Five game into the season, the Baltimore Orioles -- a team some thought could lose 120 games or more this year -- were 4-1. You knew it probably wasn’t going to last, but that still didn’t mean it wasn’t fun. The joy of an early-season run for a team not expected to be among the top tier of contenders shouldn’t be underestimated. It’s happy in the moment … and it can get you dreaming big if you’re not careful.
Just two weeks into the season, there are five teams over .500 who either weren’t expected to reach that level this season or who were considered possible contenders but have gotten off to blistering starts. Can they keep it up? Let’s take a look.
It is certainly not surprising to see the Rays over .500: This team did win 90 games last year, after all. But Tampa Bay has come screaming out of the gate and looks as complete as any Rays team in a decade. Kevin Kiermaier, Yandy Díaz and Austin Meadows are smashing the ball. Tommy Pham can’t stop getting on base. The Rays have four starters (don’t forget Yonny Chirinos) who are virtually unhittable right now, and in the fifth game they have the opener. The bullpen’s top three pitchers have given up one run in nearly 20 innings.
And, perhaps just as important, their primary competition in the division is already teetering. The Yankees have been ravaged by injuries, and the Red Sox … well, you see what’s going with the Red Sox. The Rays needed everything to fall exactly right to be a division contender this year. So far: It has fallen exactly right.
Sustainability: High. It won’t be this smooth sailing all year. But these Rays look built to last.
Preseason, if you would have said that in the season’s first fortnight, Zack Greinke, Zack Godley, Robbie Ray and Luke Weaver would have all been rocked in their starts, you would have assumed the D-backs had one, maybe two wins on their slate; the starting pitching was supposed to be their strength. But the offense is what has led to Arizona’s surprising 6-5 start, and it has been led by the old guys.
David Peralta -- the old indy ball player who just keeps going out there and establishing himself every night -- is batting a mean .380. And Adam Jones, who took forever to sign this offseason, already has four homers and is hitting .362. Christian Walker, Nick Ahmed, Jarrod Dyson (!) and Carson Kelly have been solid contributors as well to a team that’s, improbably, fifth in the Majors in runs scored.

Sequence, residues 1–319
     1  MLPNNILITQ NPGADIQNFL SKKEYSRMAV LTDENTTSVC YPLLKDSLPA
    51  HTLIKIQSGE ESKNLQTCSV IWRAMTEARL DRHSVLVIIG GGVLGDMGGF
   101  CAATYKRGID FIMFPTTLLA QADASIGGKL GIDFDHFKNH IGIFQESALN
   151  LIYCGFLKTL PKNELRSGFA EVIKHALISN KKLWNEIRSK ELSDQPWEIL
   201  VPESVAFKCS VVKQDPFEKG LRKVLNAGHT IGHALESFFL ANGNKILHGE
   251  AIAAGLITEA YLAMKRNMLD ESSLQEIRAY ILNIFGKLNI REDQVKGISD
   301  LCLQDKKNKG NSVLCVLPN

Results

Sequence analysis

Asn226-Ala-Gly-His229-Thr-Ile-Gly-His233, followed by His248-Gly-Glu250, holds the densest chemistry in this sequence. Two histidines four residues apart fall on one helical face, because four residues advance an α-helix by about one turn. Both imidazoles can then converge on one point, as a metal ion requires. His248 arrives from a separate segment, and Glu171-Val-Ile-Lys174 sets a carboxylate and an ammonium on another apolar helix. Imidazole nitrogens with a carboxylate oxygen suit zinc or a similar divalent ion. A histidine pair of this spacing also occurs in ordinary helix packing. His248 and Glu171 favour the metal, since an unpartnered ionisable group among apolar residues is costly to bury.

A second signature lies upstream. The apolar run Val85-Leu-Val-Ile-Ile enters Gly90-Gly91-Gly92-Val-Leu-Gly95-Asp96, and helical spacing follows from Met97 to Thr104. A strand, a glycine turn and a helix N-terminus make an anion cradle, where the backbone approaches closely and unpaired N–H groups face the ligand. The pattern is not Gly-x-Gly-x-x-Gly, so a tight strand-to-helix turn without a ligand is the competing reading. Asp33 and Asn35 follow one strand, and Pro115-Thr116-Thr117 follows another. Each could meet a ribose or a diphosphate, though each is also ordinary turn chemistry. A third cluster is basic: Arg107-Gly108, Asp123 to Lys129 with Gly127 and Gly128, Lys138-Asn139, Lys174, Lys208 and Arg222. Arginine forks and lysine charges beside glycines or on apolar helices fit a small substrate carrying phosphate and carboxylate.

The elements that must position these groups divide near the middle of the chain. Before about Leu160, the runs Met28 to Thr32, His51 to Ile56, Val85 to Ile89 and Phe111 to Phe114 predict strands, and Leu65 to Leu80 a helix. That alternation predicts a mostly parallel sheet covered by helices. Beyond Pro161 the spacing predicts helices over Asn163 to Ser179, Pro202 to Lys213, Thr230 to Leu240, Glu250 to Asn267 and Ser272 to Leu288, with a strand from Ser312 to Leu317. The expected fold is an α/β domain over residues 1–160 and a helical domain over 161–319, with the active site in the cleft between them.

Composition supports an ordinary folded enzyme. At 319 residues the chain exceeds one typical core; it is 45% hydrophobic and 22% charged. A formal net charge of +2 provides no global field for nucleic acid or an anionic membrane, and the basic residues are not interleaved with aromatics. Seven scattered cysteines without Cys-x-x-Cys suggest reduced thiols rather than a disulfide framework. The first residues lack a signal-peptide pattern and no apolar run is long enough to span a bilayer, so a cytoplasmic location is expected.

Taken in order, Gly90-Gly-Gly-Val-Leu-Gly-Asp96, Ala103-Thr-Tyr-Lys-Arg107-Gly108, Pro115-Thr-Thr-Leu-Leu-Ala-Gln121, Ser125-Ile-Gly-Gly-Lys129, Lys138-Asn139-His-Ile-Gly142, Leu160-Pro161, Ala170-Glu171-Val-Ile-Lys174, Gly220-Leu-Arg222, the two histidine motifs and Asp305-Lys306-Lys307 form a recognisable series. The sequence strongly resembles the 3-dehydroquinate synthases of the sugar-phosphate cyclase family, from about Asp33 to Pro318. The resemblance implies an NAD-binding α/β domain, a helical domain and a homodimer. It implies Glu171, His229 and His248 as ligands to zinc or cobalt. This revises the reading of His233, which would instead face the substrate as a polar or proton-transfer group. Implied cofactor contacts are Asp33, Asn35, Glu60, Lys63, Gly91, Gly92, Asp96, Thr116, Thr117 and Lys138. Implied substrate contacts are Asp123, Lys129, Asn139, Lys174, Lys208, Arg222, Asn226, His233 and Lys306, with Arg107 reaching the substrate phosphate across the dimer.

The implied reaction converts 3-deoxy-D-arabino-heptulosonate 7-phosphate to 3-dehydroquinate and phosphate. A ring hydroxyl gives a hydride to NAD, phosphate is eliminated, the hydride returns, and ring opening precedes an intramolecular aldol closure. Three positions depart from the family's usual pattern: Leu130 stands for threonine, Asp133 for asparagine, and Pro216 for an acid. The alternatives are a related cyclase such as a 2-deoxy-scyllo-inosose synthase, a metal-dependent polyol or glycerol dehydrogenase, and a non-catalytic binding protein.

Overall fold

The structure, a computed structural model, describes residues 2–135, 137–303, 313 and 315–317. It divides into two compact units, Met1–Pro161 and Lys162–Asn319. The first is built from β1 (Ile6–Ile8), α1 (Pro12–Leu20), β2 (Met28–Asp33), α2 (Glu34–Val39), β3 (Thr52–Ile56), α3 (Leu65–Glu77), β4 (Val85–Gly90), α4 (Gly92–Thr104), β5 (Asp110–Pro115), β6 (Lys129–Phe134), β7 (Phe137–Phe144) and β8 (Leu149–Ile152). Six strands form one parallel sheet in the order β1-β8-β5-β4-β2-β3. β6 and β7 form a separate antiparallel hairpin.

Sustainability: Low. The pitchers will settle down a bit, but the offense won’t be able to keep this going forever. The D-backs are run by smart people who will take this start for what’s it’s worth. It sure is fun seeing a veteran team win games, though, isn’t it?
The Tigers probably don’t get enough respect, at least over the last decade, as they probably should. This is an era in which you are either supposed to be at your peak power, taking a long-term plan to build a contender or tearing down so you can start over entirely. The Tigers never did that, trying to squeeze a World Series out of an aging core, and while it ultimately cost them -- as we’re seeing today, with an uneven roster that’s still a little caught between -- you’ve got to credit them for going after that title so hard in the first place.
The Tigers are still a bit stuck in the middle; they’re probably a step behind the Twins and Indians in the short-term, and their rebuilding efforts are behind the White Sox. (And they don’t have a recent World Series title to show for their efforts like the Royals do.) So any news is good news right now, and the 7-4 start has more than sufficed.